May 20, 2008 A simple blood test may be able to detect lung cancer in its earliest stages with unprecedented accuracy, according to new research to be presented at American Thoracic Society's 2008 International Conference in Toronto on May 20.
The possibility of developing a non-invasive test to distinguish cancerous from benign lesions in the lungs has enormous implications, not just for the world of medicine, but for every individual patient who has gone through the harrowing experience of having to wait for conclusive biopsy results after preliminary testing.
"CT screening results in the detection of lung nodules in 20 to 60 percent of subjects," said Anil Vachani, M.D., assistant professor of medicine at the University of Pennsylvania. "This high false-positive rate requires patients to undergo extensive follow-up investigations, such as serial CT scans, PET scans or biopsies. This test may be able to obviate the need for such things if it is developed into a large scale diagnostic tool."
Because lung cancer is a very diverse disease, screening for it can be very difficult. The researchers hoped to identify a stable and consistent way of determining the presence of lung cancer by testing for the gene expression of white blood cells.
Rather than screening for factors released by the incipient tumor into the blood stream, the test Dr. Vachani and colleagues used looked at gene expression in the subject's own circulating white blood cells. "We found that the types of genes present in these cells could tell us whether or not cancer was present," explained Dr. Vachani.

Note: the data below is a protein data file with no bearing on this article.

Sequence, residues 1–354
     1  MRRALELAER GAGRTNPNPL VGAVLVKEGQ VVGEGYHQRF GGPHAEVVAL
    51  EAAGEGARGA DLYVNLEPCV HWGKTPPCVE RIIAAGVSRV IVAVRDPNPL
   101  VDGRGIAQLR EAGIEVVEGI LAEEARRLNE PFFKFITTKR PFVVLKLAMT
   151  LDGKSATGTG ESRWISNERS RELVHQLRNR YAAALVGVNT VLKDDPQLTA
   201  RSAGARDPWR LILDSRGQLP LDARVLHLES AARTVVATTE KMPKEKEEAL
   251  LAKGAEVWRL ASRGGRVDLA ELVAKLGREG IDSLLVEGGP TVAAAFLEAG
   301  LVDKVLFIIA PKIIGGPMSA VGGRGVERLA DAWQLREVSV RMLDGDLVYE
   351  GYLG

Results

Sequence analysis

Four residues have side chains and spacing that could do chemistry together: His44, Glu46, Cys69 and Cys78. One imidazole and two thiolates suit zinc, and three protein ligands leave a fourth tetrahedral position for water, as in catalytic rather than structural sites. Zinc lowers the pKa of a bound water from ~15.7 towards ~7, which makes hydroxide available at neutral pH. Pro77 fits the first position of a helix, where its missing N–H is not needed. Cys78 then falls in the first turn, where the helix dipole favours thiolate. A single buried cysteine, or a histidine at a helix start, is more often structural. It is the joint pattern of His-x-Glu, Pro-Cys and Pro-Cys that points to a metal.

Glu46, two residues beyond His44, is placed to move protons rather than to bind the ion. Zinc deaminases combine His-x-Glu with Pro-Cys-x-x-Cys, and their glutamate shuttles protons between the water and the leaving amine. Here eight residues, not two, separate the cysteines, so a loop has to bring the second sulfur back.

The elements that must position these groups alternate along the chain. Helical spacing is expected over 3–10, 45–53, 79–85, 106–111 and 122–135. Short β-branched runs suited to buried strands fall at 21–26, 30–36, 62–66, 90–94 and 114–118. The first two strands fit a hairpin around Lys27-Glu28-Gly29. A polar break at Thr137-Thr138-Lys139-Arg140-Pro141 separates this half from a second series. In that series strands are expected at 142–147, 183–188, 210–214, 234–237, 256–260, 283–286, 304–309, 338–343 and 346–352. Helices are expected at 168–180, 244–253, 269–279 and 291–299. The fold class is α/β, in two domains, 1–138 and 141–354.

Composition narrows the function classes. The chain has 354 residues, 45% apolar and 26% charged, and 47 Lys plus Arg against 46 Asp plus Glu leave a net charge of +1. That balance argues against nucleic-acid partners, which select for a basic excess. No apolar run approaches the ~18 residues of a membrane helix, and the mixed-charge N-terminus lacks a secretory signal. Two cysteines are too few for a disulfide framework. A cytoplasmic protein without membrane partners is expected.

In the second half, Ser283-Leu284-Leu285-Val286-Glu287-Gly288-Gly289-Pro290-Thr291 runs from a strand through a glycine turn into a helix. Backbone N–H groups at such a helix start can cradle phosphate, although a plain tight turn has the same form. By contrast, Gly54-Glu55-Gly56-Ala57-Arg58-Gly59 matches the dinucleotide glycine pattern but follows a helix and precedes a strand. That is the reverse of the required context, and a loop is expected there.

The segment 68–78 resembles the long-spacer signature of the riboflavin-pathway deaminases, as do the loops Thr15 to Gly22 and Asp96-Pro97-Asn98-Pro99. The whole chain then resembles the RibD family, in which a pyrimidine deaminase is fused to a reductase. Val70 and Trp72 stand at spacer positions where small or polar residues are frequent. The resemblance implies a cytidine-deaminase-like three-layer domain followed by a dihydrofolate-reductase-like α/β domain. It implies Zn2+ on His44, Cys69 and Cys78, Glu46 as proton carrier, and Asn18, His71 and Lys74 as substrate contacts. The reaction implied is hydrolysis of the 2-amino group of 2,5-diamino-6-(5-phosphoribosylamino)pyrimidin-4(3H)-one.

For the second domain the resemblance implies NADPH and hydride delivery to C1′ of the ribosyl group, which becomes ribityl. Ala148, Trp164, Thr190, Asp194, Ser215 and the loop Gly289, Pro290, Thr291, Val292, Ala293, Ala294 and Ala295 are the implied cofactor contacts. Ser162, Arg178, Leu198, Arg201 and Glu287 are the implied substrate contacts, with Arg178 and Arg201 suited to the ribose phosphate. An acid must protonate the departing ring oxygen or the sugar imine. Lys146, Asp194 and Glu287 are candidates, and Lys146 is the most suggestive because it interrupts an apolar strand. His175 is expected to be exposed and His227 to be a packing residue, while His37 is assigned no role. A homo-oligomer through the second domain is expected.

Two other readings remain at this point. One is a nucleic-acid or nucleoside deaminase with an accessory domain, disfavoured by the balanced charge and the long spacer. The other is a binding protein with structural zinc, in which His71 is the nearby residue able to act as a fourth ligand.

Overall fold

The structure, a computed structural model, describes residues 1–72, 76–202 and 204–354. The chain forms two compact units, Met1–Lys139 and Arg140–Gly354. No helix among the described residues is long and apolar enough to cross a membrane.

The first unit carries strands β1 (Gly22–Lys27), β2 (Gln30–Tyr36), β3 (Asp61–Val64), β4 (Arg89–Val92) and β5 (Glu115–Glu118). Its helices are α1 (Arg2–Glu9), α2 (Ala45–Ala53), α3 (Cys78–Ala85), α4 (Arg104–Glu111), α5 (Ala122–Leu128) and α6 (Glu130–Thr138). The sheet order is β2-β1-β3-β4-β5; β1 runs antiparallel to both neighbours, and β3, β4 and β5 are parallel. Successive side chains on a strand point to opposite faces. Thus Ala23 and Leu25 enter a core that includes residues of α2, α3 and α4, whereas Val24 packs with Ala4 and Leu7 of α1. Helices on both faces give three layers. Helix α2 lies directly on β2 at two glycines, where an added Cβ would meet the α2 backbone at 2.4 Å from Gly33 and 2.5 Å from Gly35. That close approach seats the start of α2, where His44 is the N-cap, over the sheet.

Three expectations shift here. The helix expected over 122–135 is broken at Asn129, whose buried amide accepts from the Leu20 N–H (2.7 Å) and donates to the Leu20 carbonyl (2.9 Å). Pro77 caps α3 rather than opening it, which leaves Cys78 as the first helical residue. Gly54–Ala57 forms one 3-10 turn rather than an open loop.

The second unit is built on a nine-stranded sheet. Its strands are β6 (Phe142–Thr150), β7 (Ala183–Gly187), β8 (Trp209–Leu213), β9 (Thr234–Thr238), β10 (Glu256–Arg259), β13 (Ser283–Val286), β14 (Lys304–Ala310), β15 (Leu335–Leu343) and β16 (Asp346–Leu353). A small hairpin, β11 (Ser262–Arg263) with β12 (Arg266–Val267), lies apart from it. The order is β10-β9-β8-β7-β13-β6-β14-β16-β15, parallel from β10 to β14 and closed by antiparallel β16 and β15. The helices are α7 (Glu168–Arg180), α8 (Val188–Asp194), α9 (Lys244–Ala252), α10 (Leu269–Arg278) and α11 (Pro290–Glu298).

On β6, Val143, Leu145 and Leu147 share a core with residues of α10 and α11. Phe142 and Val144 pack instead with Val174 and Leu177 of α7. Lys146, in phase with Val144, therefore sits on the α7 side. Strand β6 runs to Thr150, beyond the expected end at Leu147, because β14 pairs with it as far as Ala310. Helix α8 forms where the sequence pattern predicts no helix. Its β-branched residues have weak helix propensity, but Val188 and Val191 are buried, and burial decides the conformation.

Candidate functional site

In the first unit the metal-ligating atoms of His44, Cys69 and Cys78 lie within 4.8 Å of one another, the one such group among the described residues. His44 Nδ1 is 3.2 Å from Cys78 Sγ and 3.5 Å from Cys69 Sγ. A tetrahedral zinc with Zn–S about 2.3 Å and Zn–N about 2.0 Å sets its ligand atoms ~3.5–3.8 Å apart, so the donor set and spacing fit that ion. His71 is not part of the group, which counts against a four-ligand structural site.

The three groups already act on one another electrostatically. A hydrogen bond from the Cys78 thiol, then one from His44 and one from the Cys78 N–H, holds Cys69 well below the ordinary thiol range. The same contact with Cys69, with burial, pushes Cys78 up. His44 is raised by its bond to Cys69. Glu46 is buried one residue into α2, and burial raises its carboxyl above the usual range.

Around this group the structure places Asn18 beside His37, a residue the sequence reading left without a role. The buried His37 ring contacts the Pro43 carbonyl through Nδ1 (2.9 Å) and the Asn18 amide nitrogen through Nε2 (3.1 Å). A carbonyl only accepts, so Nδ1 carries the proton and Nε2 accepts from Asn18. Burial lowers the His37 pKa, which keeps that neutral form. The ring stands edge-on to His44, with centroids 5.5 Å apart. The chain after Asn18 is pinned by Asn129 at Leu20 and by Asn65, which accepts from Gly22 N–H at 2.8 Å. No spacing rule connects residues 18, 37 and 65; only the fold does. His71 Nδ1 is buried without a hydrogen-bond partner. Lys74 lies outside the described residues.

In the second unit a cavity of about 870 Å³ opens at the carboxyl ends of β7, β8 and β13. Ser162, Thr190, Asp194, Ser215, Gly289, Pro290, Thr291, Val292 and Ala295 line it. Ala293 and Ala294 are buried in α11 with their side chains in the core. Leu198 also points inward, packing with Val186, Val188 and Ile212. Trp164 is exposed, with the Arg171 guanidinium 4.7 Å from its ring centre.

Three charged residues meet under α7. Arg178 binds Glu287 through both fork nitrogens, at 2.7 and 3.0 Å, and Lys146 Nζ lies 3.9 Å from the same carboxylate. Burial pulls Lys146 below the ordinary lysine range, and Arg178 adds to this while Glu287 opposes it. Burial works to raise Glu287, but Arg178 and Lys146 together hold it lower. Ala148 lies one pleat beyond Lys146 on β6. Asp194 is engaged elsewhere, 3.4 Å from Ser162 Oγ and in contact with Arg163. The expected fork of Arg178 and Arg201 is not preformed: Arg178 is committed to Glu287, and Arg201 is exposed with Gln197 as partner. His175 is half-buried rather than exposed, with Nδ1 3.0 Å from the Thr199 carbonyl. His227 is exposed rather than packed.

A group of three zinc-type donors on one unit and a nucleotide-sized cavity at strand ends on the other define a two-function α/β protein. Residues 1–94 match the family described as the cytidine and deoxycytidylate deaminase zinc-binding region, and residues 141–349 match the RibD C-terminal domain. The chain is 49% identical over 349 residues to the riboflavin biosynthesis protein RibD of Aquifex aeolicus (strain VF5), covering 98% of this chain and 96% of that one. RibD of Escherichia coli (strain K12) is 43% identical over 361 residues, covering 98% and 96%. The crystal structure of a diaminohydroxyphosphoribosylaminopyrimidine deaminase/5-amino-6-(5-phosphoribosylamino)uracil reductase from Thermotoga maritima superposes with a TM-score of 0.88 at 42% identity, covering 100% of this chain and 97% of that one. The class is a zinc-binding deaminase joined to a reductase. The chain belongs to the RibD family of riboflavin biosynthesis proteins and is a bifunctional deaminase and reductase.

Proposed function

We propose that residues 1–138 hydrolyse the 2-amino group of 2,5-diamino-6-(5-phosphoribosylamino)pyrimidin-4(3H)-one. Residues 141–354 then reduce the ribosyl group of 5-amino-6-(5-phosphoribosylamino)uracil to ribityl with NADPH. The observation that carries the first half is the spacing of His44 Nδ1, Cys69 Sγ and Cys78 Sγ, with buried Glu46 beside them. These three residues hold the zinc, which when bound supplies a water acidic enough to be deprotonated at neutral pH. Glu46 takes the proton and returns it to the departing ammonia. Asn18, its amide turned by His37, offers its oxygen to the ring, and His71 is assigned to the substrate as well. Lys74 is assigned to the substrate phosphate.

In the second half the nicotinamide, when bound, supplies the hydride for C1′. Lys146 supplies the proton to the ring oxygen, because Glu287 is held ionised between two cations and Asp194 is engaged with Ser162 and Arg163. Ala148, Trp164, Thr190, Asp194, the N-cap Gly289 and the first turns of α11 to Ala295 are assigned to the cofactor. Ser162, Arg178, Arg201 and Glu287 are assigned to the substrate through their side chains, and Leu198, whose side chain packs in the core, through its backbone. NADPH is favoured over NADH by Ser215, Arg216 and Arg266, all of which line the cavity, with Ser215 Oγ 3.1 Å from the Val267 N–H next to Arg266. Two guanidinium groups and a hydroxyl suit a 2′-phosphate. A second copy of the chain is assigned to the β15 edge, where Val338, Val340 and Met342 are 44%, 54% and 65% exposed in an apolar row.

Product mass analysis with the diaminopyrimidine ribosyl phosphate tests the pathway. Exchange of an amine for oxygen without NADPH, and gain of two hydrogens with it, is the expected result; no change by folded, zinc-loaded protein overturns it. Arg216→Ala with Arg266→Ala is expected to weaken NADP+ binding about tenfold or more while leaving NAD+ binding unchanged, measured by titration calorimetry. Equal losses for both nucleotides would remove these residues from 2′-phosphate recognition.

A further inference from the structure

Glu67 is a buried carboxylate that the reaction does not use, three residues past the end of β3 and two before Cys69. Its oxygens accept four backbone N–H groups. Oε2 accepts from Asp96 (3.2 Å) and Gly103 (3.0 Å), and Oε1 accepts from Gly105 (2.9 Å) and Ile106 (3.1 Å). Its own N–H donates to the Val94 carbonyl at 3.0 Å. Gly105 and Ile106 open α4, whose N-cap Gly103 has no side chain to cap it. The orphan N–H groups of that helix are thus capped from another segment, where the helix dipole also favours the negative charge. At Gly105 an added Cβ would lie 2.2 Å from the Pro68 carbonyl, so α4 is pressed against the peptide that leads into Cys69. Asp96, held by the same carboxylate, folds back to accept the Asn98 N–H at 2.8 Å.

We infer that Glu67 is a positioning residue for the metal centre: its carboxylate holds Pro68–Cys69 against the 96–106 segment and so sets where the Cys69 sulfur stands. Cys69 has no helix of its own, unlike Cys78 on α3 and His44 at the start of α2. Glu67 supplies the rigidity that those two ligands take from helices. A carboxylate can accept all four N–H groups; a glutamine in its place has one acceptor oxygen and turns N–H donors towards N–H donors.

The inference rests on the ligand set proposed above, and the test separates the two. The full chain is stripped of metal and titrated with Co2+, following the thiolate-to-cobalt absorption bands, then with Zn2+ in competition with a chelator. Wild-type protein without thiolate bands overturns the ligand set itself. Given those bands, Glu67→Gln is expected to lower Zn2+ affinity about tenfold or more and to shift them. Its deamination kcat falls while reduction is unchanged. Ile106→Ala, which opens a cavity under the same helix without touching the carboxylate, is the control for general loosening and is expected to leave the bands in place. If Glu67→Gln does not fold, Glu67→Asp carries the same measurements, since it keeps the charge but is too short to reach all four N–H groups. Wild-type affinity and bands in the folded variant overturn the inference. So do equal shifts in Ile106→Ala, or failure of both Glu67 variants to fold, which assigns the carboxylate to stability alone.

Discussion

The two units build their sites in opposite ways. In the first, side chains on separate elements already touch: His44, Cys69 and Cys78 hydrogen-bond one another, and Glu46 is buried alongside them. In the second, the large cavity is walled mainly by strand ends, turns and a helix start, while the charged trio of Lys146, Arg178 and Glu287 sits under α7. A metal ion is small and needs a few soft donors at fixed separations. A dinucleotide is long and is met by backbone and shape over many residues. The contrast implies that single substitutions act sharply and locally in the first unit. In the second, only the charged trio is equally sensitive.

To test the accuracy and validity of the method, the researchers recruited 44 patients with early stage lung cancer and 52 control subjects who were matched for age, smoking status, gender and race. They then used a number of genetic arrays to determine the best targets for detecting the presence of cancer. They found that a 15 gene array had the highest accuracy, at 87 percent.
"These findings suggest that lung cancers interact with circulating white blood cells and change the types of genes that are active in these cells. This finding can be potentially used to develop a non-invasive diagnostic test for patients suspected of having lung cancer," said Dr. Vachani. "A diagnostic test that could more accurately determine the risk of cancer in patients would be extremely valuable and have very important economic implications by reducing unnecessary surgery, biopsies and repeated imaging tests."
"We are planning to perform validation studies to further evaluate the utility of this approach for diagnosing lung cancer in a larger population, concluded Dr Vachani. "If our results are encouraging, we would like to test this in a prospective clinical trial."
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